By Stefan J. Bos, Worthy News Correspondent
TEHRAN, IRAN (Worthy News)– A Christian woman who was detained as part of Iran's crackdown on devoted Christian converts has been released after more than nine months imprisonment, but concerns remain over other jailed believers, Worthy News learned January 1.
Shahla Rahmati, the director of "a successful electronics company", was freed December 20 following 287 days behind bars in mainly Tehran's notorious Evin Prison, confirmed Elam Ministries, a mission group founded by Iranian church leaders.
Iranian Christians said she was sentenced to at least two and a half years imprisonment on charges such as "membership of an illegal group", in reference to her Christian activities.
An appeal court apparently overturned her conviction, Christians said, but it was not immediately clear when that ruling was made. Rights groups and lawyers have complained that Iran's judiciary is often clouded in secrecy.
In a statement, released by Elam Ministries, her family expressed concerns about her health saying "Shahla needs immediate medical attention as her blood pressure is still dangerously low" following alleged prison mistreatment.
Since her detention on March 9 last year she was reportedly kept in solitary confinement for five months. She was then moved to "an overcrowded cell which she shared with about 80 hardened criminals and drug addicts", stressed Elam Ministries. "Here her health deteriorated [as] her blood pressure dropped to
very low levels."
Her family said they "thank all Christians for their faithful intercession for her release" but concerns remained over two other Christian women who were detained with Shahla Rahmati.
Maryam Jalili and Mitra Zahmati, were transferred to the women's section of the Evin prison three months ago, explained Mohabat News, a news agency of Iranian Christians and activists.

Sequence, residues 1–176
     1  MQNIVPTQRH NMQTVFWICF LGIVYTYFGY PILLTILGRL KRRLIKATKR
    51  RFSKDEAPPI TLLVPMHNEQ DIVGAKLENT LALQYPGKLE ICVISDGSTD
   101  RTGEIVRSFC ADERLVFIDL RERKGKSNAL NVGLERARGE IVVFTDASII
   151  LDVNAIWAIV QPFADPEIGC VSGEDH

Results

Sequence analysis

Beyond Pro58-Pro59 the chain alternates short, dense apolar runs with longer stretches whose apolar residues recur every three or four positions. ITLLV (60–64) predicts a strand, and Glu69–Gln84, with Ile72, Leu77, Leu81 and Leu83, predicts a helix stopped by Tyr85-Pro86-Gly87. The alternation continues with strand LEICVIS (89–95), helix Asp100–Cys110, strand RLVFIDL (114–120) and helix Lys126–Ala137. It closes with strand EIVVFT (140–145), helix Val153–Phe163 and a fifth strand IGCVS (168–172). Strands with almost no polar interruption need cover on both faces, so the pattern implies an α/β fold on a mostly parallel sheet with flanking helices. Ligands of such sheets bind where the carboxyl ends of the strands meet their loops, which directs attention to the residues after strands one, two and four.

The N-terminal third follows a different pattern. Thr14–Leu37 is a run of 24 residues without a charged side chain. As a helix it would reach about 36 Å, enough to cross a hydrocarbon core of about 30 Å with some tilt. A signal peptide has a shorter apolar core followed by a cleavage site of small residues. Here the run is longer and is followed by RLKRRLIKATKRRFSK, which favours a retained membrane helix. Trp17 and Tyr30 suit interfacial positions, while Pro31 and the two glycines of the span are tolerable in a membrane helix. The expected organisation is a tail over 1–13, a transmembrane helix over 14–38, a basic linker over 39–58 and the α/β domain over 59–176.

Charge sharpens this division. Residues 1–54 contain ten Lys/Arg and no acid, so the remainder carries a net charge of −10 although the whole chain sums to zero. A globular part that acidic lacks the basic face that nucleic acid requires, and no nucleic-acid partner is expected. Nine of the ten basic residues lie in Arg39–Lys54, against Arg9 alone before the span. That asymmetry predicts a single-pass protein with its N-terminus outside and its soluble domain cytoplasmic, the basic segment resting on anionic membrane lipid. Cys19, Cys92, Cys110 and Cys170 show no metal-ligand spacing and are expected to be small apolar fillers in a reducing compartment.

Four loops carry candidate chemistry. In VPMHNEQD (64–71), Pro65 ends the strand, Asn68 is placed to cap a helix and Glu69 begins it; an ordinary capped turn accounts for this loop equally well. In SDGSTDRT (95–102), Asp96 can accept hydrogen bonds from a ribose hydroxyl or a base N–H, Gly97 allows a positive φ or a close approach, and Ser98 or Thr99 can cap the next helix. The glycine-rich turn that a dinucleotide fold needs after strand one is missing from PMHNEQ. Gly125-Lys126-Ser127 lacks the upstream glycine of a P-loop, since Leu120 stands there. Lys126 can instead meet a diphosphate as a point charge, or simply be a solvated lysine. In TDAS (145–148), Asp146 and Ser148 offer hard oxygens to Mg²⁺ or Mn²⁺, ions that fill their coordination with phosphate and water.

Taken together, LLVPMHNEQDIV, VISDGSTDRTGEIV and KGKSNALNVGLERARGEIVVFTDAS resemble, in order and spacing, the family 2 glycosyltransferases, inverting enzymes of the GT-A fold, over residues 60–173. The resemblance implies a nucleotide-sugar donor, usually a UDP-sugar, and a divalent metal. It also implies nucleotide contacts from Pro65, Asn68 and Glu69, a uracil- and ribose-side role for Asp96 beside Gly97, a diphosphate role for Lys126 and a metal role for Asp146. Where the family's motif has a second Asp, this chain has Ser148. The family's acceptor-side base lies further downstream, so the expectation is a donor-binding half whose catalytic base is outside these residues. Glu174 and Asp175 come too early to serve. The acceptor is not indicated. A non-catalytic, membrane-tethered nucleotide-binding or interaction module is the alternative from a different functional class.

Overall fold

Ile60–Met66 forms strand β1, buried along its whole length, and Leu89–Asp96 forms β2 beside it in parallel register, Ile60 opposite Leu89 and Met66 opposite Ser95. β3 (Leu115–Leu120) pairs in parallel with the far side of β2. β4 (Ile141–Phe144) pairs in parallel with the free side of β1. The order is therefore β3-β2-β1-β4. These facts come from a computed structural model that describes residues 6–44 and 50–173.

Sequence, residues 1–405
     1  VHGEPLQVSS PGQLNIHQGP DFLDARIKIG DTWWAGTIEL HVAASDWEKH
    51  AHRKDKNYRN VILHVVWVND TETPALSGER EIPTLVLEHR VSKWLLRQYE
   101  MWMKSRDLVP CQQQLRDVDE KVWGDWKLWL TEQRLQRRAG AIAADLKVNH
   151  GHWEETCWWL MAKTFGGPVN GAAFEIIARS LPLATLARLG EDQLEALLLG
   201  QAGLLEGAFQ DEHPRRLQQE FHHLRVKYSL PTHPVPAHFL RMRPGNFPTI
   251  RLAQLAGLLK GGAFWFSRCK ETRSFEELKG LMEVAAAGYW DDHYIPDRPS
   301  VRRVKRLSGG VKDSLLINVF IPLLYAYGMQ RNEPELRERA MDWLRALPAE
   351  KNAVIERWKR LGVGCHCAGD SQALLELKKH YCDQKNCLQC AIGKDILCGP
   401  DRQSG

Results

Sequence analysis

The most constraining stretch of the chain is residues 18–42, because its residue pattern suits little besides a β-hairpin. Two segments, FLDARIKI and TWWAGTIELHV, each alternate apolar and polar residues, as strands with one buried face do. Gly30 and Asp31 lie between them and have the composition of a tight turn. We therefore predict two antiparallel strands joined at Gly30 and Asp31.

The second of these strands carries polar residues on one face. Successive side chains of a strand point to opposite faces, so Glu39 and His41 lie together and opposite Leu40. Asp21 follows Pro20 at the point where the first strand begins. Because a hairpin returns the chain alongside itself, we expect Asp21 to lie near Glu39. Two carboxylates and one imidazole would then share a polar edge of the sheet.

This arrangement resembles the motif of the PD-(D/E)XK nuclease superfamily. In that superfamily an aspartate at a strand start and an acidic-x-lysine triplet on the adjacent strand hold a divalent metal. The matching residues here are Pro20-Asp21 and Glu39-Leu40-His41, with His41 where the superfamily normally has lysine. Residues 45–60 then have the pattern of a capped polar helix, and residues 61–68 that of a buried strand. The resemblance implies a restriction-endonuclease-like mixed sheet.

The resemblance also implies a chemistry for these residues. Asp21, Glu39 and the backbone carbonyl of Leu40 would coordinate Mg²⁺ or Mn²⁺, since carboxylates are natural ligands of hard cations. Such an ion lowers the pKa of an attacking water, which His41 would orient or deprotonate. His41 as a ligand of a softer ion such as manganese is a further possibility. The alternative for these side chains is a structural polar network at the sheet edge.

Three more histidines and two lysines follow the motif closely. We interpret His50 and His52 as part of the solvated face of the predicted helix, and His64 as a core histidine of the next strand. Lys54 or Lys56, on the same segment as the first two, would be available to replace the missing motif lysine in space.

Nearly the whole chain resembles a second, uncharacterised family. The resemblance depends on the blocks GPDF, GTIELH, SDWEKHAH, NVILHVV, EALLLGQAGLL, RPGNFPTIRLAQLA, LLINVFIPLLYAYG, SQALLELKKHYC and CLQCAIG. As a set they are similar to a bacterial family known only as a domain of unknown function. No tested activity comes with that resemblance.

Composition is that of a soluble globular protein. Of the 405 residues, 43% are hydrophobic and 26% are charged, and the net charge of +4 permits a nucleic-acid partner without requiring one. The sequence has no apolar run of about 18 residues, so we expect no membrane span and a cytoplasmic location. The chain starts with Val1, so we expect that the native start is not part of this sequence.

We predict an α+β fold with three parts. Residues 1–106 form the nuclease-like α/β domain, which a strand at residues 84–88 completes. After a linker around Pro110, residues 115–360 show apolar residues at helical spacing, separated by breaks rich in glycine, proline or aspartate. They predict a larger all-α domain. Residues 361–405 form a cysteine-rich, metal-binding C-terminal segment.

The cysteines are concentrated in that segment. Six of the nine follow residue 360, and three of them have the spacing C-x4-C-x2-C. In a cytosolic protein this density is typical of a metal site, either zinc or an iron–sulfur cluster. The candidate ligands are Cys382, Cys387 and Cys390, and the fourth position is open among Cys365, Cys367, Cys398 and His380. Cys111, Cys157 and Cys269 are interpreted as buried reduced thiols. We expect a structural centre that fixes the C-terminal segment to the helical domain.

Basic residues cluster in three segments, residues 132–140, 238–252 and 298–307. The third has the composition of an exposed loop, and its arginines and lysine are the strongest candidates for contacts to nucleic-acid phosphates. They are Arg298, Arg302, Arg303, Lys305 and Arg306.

"It has been reported that Ms. Zahmati was also sentenced to two and a half years in prison [like Rahmati] while Ms. Jalili remains in custody with her fate unknown," it said.
Elsewhere in the country Iranian Christians, including former Muslims, were also detained this Christmas season, including Farshid Fathi-Malayeri, "an enthusiastic church leader", Elam Ministries said. The father of two was reportedly arrested December 26, though more details were not immediately available.
Additionally, concerns remain over a senior evangelical pastor and his wife who were detained in southern Iran after security forces raided their Assemblies of God-affiliated church, detaining everyone in the building, including children attending Sunday School, a friend of the couple told Worthy News earlier.
"Pastor Farhad Sabokrouh and his wife Shahnaz were among those detained in the southern town of Ahwaz Friday morning, [December 23] while they were having Christmas celebrations", explained their friend, Firouz Khandjani.
He said security forces pushed dozens of worshipers, including children, into two buses and brought them to a local police station. Most were eventually released, "but the pastor and his wife remain in jail," Khandjani said.
Mohabat News said at least four Christians remain detained of the church. Among others behind bars is Pastor Youcef Nadarkhani, whose case received international media attention, after he was sentenced to death for refusing to abandon his faith in Christ and return to Islam.
A lawyer and other observers close to the case said they learned from the court that judges were ordered to "do nothing" for one year in hope he would eventually deny his faith in Christ.
However, "It has become clear that Iran's government may want to execute him earlier," Khandjani stressed. "Saying he will be held one year more does not necessarily mean an earlier execution isn't possible."
Iranian officials have denied wrongdoing, saying they defend "Islamic values". Christians linked the reported crackdown to concerns among Iran's government about the spread of Christianity in the strict Islamic nation.
There are at least 100,000 devoted Christians in Iran, many of them former Muslims, according to conservative estimates, while some church groups estimate that number to be several times higher.
Officially 98 percent of Iran's roughly 78 million people are Muslims, said the U.S. Central Intelligence Agency (CIA).
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